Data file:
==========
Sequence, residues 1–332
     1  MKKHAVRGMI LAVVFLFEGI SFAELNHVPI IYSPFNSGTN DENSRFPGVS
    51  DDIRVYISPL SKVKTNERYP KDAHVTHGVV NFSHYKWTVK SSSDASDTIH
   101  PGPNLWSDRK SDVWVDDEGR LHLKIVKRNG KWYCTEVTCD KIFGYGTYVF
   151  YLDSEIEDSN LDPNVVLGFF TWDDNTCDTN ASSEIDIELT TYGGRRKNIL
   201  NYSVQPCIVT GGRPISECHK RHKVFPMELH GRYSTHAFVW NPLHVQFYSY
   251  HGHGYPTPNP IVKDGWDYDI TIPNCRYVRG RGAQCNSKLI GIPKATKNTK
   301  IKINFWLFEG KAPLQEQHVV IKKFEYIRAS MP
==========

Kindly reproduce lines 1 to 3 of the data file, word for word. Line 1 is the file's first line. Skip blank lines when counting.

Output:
Sequence, residues 1–332
     1  MKKHAVRGMI LAVVFLFEGI SFAELNHVPI IYSPFNSGTN DENSRFPGVS
    51  DDIRVYISPL SKVKTNERYP KDAHVTHGVV NFSHYKWTVK SSSDASDTIH